There is a lot of talk in the UMC about division and schism. You can read some thoughts about it over at David F Watson’s site

One of the things I’ve learned from this whole conversation is that there is such a thing as “Restrictive Rules." To be honest, I had to google their definition. Which at first, I realized that it’s an American political term.

So I added "UMC” to the google search. Then I found it: a definition can be found on the UMC’s website:

Statements specifying six things the General Conference of The United Methodist Church may not do. The Restrictive Rules are found in Section III of the Constitution. The General Conference may not “revoke, alter, or change” the Articles of Religion, the Confession of Faith, or the General Rules of the Societies….

I like the idea that there are certain things in our tradition that are nonnegotiable.  With so much talk about what we don’t agree on, I wonder what would happen if we took The Articles and Confession of Faith  seriously. Not sure what they say? Well, I challenge you to read them:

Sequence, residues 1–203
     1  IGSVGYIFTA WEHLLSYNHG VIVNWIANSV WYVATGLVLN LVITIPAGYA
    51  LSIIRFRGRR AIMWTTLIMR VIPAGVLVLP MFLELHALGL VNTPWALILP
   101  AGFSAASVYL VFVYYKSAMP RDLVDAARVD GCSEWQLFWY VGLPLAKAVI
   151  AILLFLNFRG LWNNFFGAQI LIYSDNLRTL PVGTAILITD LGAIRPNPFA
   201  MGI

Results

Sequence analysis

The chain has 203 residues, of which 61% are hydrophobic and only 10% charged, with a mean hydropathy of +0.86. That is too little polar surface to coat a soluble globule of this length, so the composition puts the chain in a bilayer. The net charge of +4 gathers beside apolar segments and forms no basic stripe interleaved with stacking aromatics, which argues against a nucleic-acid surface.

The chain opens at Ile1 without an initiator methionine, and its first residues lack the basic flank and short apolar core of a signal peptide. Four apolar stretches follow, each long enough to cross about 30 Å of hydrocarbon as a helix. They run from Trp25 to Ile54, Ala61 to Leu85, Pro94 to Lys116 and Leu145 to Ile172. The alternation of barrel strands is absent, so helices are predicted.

After looking at them (again), stop and think about the restrictive rule. The UMC can’t change these two documents. So if you don’t agree with them, why are you UM? I don’t say this from a point of arrogance. I don’t have a personal problem with people who disagree. I simply say this from a place of logic: as a denomination we are stuck with these articles. And as a United Methodist, I am ok with that. I submitted to this when I choose to be a UM pastor. 

Having said that, there is nothing keeping you or anyone else from leaving and starting your own tradition. In fact, you could probably even keep some of what you liked from the articles, and throw out the rest. My point is simple: there are certain things that are by nature nonnegotiable for the UMC. For those who can agree, let’s agree. For those who can’t, let’s just choose to be friends and I hope to share fellowship with you outside of the denomination. For those who agree on the non-negotiables, but disagree on other things–let’s give ourselves time to work it out. I mean, every relationship has problems like this. 

Or in the words of John Wesley: 

Though we cannot think alike, may we not love alike? May we not be of one heart, though we are not of one opinion? Without all doubt, we may. Herein all the children of God may unite, notwithstanding these smaller differences.

I think unity is only possible when we focus on what makes us a unique tradition–what makes us similar. So let’s all spend some time reflecting on the non-negotiables and see if they are something worth fighting for. 

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